Even though some states have taken corrective actions, the current FY 2009 gap still stands at $47.4 billion, on top of the $40.3 billion shortfall for the 2008 FY, according to NCSL, whose budget analysts are predicting it’s going to get worse before it gets better.

"These figures are absolutely alarming, both in their magnitude and in the painful decisions they present to state lawmakers," Corina Eckl, fiscal program director for NCSL, said in a statement. "The easy budget fixes are long gone, only hard and unpopular options remain.”

Sunday, February 1, 2009

Lawmakers face PR nightmare on raises

HONOLULU – Of all the years to get a 36-percent raise.

Hawaii legislators face a PR nightmare this year: trying to justify their $12,808 salary increase while constituents right and left are losing their jobs. The increase, which went into effect Jan. 1, brings lawmakers’ base salaries to $48,708.

A second raise of 3.5 percent is scheduled for Jan. 1, 2010, unless the Legislature passes a bill to suspend it.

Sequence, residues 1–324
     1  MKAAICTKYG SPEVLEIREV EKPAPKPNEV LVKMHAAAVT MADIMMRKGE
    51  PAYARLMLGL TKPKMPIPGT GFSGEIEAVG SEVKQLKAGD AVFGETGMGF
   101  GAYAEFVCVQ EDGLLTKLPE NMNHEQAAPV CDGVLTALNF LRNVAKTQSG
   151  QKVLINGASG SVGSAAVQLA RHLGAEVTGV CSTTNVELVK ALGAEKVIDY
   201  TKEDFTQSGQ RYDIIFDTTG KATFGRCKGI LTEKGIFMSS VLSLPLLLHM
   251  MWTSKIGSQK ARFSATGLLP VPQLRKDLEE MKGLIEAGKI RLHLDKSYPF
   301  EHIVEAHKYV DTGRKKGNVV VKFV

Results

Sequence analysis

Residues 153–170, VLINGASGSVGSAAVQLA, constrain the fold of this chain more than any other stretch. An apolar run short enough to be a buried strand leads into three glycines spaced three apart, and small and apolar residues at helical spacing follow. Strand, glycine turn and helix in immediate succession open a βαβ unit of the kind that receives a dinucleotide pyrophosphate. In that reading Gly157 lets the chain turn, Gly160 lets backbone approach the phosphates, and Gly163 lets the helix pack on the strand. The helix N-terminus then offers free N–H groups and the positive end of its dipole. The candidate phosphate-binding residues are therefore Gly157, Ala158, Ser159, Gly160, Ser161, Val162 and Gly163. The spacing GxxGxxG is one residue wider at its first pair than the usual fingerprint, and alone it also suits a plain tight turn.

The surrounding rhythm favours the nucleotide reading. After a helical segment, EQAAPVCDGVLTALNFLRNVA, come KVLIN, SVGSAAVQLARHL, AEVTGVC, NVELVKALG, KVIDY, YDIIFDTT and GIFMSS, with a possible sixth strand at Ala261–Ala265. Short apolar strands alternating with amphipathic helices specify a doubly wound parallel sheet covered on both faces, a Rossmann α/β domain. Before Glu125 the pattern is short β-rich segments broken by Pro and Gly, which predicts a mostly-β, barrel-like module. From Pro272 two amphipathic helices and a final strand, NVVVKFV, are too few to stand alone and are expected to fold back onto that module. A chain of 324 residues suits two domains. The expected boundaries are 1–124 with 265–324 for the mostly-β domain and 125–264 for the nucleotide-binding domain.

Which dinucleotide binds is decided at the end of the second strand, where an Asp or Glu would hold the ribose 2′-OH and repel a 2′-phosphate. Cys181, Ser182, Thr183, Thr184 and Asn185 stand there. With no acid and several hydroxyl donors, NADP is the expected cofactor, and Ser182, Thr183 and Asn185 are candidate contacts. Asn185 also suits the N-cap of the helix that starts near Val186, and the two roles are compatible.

The raises were put into place by an independent Commission on Salaries that voters approved on the 2006 ballot. The commission also prescribed pay hikes for the governor and Cabinet, and state judges.

Being a legislator in Hawaii is not considered a full-time job – the legislative session lasts from mid-January to early May and was designed so that “citizen lawmakers,” rather than professional legislators, could bring their particular areas of interest and expertise to the Capitol.

Hawaii lawmakers are by no means the poorest or the best paid, according to a study by the Lexington, Ky-based, Council of State Governments. The council provides policy analysis and tracks national conditions and trends in state governments.

The study, “State Legislator Compensation: A Trend Analysis,” found that the average legislative salary in 2005 was $25,908, and hasn’t kept up with inflation.

Keon Chi, editor-in-chief of CSG’s annual Book of the States, wrote the 38 page report.

“Compensation levels have an impact on recruitment, retention and the work of the legislature,” said Chi in a statement. “If legislators are not paid adequately, then candidates are drawn from a smaller pool. High pay broadens that pool. You can’t expect to attract good candidates with pay that is lower when compared to other jobs and professions.”

But these are tough times, and Gov. Linda Lingle has asked the Legislature to freeze raises for her and her staff, as well as themselves. She says that could save more than $4 million.